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Richard Cobden Quotes


A British manufacturer and Radical and Liberal statesman.
(1804 - 1865)

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A newspaper should be the maximum of information, and the minimum of comment.
 

At all events, arbitration is more rational, just, and humane than the resort to the sword.
 

But it is my happiness to be half Welsh, and that the better half.
 

For every credibility gap there is a gullibility gap.
 

For the progress of scientific knowledge will lead to a constant increase of expenditure.
 

From 1836, down to last year, there is no proof of the Government having any confidence in the duration of peace, or possessing increased security against war.
 

I am no party man in this matter in any degree; and if I have any objection to the motion it is this, that whereas it is a motion to inquire into the manufacturing distress of the country, it should have been a motion to inquire into manufacturing and agricultural distress.
 

I am not accustomed to pay fulsome compliments to the English, by telling them that they are superior to all the world; but this I can say, that they do not deserve the name of cowards.
 

I believe it has been said that one copy of The Times contains more useful information than the whole of the historical works of Thucydides.
 

I came here as a practical man, to talk, not simply on the question of peace and war, but to treat another question which is of hardly less importance - the enormous and burdensome standing armaments which it is the practice of modern Governments to sustain in time of peace.
 

I cannot separate the finances of India from those of England. If the finances of the Indian Government receive any severe and irreparable check, will not the resources of England be called upon to meet the emergency, and to supply the deficiency?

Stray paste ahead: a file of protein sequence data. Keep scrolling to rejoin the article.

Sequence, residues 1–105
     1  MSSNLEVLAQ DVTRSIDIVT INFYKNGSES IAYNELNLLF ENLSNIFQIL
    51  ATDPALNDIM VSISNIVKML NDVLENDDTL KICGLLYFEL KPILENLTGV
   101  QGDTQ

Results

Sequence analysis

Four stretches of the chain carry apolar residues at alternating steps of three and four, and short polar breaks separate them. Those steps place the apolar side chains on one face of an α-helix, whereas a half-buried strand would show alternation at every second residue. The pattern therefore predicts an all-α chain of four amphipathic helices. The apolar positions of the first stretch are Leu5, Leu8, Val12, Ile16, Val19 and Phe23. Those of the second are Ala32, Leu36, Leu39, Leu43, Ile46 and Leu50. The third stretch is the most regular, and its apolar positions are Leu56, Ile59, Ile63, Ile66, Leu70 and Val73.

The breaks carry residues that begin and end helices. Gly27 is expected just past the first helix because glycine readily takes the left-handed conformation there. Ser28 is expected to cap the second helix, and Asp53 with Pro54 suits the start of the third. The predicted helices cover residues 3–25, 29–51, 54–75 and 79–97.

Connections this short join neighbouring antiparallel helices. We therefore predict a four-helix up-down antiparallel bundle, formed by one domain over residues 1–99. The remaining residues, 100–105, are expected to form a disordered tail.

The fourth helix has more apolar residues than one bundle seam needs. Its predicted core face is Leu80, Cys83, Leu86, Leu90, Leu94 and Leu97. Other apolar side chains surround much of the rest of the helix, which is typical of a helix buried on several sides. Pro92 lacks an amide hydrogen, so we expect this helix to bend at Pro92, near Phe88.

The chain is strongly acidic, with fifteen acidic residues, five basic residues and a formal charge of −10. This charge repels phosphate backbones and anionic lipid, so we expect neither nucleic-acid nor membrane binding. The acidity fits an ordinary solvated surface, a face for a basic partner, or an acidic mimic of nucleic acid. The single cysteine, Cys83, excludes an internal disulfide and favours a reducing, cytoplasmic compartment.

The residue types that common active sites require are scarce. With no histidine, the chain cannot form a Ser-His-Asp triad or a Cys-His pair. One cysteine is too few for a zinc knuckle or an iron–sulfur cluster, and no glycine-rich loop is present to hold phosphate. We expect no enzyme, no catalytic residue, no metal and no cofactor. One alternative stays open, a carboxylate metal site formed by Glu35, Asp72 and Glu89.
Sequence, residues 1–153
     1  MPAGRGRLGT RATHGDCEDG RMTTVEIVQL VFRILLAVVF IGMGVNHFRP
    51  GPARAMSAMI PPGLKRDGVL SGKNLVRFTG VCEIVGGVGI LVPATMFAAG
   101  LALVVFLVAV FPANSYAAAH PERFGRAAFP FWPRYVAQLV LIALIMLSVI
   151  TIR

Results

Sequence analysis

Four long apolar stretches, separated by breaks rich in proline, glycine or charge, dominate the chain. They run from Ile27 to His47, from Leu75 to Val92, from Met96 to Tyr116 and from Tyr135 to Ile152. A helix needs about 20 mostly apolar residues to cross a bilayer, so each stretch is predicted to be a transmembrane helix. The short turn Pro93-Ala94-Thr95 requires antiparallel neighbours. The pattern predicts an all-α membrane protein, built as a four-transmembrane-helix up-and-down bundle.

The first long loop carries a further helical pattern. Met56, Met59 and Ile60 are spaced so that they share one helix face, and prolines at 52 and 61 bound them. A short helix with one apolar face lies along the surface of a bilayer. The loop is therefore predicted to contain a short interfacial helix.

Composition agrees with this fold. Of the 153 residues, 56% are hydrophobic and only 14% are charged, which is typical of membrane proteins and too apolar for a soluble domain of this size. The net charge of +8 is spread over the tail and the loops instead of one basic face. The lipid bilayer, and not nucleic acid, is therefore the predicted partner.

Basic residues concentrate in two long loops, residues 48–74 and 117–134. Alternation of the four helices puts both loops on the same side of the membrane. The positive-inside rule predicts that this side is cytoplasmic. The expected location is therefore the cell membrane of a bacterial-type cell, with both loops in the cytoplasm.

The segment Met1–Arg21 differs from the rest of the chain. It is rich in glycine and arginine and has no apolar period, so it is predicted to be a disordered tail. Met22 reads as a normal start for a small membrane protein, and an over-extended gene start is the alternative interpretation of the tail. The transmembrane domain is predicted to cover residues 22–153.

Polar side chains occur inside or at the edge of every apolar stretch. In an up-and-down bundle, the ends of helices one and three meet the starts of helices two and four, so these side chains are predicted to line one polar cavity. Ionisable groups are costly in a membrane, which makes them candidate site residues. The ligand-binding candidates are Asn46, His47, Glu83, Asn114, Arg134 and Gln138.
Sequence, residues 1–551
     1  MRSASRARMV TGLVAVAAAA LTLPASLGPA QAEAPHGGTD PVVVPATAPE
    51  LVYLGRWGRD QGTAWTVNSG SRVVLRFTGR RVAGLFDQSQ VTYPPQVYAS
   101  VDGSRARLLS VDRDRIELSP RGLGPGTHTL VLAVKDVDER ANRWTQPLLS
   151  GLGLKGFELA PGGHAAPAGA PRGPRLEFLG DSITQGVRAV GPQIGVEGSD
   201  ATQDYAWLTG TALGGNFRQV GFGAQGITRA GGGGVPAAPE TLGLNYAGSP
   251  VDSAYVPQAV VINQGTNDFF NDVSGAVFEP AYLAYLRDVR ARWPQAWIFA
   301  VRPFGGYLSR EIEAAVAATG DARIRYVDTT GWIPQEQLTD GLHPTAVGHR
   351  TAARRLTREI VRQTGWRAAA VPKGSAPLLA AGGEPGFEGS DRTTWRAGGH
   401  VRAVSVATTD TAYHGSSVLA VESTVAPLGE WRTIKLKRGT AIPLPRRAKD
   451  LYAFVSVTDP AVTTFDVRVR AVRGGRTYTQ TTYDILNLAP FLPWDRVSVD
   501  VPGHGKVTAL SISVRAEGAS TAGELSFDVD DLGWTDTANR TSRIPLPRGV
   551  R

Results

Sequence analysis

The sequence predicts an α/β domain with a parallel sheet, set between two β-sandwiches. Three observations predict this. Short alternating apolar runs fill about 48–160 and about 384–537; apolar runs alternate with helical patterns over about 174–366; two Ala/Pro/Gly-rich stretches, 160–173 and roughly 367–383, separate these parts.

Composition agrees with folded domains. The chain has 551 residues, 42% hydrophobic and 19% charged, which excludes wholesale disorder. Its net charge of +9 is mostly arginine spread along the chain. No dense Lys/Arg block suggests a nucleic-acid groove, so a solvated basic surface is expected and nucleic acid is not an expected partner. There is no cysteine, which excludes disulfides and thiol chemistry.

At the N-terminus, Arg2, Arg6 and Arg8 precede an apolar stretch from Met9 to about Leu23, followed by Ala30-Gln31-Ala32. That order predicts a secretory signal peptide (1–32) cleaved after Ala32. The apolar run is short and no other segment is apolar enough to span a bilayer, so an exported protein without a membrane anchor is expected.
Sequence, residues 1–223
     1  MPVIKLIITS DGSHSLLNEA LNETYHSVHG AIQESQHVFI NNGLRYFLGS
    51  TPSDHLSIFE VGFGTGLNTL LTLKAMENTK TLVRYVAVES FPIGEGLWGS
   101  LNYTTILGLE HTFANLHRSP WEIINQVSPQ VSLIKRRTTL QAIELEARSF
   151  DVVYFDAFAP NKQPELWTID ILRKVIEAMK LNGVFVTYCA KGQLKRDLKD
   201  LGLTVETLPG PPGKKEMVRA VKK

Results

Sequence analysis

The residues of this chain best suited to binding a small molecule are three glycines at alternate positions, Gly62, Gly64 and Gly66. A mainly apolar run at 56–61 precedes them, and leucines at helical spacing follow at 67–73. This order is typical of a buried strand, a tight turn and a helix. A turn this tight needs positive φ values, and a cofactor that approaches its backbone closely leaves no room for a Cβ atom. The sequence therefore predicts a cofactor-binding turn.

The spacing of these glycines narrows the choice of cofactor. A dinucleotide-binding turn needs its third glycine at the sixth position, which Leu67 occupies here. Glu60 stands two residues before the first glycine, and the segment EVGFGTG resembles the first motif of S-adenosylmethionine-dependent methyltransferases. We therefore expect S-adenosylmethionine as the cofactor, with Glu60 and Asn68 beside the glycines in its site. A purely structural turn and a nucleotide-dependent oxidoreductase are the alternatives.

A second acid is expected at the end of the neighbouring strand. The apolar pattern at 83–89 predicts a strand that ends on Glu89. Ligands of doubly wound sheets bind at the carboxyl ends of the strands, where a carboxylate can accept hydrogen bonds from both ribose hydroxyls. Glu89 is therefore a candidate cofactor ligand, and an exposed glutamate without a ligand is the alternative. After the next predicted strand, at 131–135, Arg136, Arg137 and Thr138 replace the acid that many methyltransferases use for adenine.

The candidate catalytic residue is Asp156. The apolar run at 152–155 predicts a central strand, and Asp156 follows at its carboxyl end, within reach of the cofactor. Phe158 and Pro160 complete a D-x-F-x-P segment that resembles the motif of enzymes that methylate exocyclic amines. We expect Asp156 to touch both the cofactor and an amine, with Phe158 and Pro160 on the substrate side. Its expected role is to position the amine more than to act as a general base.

I confess that for fifteen years my efforts in education, and my hopes of success in establishing a system of national education, have always been associated with the idea of coupling the education of this country with the religious communities which exist.
[Communities]
 

I consider the temperance cause the foundation of all social and political reform.
[Temperance]
 

I have been particularly struck with the overwhelming evidence which is given as to the fitness of the natives of India for high offices and employments.
 

I therefore declare, that if you wish any remission of the taxation which falls upon the homes of the people of England and Wales, you can only find it by reducing the great military establishments, and diminishing the money paid to fighting men in time of peace.
 

In Holland, they have come to precisely the same conclusion. There they have adopted a system of secular education, because they have found it impracticable to unite the religious bodies in any system of combined religious instruction.
[Bodies]
 

It has been one of my difficulties, in arguing this question out of doors with friends or strangers, that I rarely find any intelligible agreement as to the object of the war.
 

Luck is ever waiting for something to turn up. Labor, with keen eyes and strong will, will turn up something. Luck lies in bed, and wishes the postman would bring him the news of a legacy. Labor turns out at six o'clock, and with busy pen or ringing hammer lays the foundation of a competence. Luck whines. Labor whistles. Luck relies on chance. Labor on character.
[Luck]
 

Luck relies on chance, labor on character.
 

On the contrary, all the world would point to that nation as violating a treaty, by going to war with a country with whom they had engaged to enter into arbitration.
 


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